The Drakensberg Grand Traverse, one of the world’s great multi-day hikes, is set across some of South Africa’s wildest mountain terrain. On Tuesday afternoon, exactly 41 hours 49 minutes after setting off Ryan Sandes and Ryno Griesel crossed the finish line having shaved almost 20 hours off the previous record. They had run 204km non-stop.
“This attempt started as a seed more than two years ago,” said Ryan on completion. “To have finished it now feels quite surreal. We felt good from the start and knew if the weather held, we would have a great chance of breaking the record. However, until you cross the line, you can’t be too sure.
There were a few anxious moments when I tweaked my ankle two hours into the attempt and I was worried that it might mean the end so soon.
The South African ultra runner paid tribute to his partner Ryno Griesel, a well-known adventure racer who set the previous GDT record. “Running through the night was challenging at some of the more technical parts, but it really helped to have Ryno there. He knows the mountain like the back of his hand and it was reassuring to have someone so experienced with me.”
The feeling was mutual. “Ryan has got to be the best runner in the world when it comes to these conditions,” Ryno told us. “Running the DGT, as opposed to speed hiking, takes a greater toll on your body than I realised. I became dehydrated during the first day and had a couple of tough hours, but Ryan pushed us through it and kept me going.”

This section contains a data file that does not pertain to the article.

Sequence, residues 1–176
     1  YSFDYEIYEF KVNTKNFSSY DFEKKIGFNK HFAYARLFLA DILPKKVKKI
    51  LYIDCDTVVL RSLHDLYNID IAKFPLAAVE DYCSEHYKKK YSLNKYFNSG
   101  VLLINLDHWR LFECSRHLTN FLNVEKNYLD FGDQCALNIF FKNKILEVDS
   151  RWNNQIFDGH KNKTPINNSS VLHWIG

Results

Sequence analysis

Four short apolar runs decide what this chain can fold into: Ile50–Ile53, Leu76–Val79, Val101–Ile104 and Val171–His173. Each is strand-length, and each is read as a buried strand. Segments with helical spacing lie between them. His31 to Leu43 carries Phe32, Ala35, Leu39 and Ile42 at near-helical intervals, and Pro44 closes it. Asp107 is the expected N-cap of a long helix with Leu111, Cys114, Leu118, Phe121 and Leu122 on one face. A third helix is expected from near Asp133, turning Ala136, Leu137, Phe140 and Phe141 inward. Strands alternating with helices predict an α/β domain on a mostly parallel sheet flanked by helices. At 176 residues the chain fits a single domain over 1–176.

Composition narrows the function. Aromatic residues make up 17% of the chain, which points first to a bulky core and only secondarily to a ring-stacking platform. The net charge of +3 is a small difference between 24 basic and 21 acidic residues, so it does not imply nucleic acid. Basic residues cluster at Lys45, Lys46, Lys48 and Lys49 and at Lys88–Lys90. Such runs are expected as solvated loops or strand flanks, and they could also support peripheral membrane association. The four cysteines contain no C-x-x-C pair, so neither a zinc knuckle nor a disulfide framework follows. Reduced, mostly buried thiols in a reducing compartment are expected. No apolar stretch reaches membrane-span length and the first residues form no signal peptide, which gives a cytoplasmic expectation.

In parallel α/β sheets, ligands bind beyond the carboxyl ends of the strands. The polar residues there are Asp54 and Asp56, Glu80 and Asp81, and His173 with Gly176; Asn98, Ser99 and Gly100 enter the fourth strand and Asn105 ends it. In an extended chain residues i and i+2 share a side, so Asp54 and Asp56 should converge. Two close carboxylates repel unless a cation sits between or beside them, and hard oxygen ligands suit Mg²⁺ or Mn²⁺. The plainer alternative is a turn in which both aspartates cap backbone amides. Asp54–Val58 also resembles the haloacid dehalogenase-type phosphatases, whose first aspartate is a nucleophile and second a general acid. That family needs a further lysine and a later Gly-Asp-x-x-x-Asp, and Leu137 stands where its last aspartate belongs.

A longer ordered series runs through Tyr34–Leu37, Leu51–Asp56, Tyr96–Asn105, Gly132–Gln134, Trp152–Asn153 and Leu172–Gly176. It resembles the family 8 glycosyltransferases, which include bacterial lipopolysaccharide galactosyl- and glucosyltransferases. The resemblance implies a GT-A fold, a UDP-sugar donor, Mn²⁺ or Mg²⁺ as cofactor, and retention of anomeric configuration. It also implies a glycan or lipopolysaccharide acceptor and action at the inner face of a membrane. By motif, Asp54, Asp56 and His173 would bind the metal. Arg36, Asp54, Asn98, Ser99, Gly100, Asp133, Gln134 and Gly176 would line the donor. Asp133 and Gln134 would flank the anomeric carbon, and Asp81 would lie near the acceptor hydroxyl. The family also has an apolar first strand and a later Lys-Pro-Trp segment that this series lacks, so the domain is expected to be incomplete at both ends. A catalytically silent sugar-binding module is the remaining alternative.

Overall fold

When asked how he was feeling, Griesel summed it up in one word: ‘Privileged’. “It was such an incredible experience to see this dream of ours realised after years of planning and to enjoy so much support from friends, family and strangers from around the world.”
The pair set off from Sentinel Car Park at midnight local time on Sunday and crossed the line at Bushman’s Neck Border Post some 41 hours and 49 minutes later on Tuesday afternoon.
As there is no set route for the DGT, one can choose any route so as long as it passes eight checkpoints along the way including The Chain Ladders, the Mont-aux-Sources summit at 3,282m and the highest of all the summits (and the highest point in Southern Africa) Thabana Ntlenyana Summit at 3,482m.
Both of the athletes cited the sunrise from this summit as something that would stay with them forever. As Griesel said, “It was a special moment and we both stopped for a few seconds to appreciate the view. It was both inspiring and humbling to greet the day from such a vantage point.”
For more info on the challenge, including the route profile and stats, check out their dedicated Drakensberg Traverse webpage.
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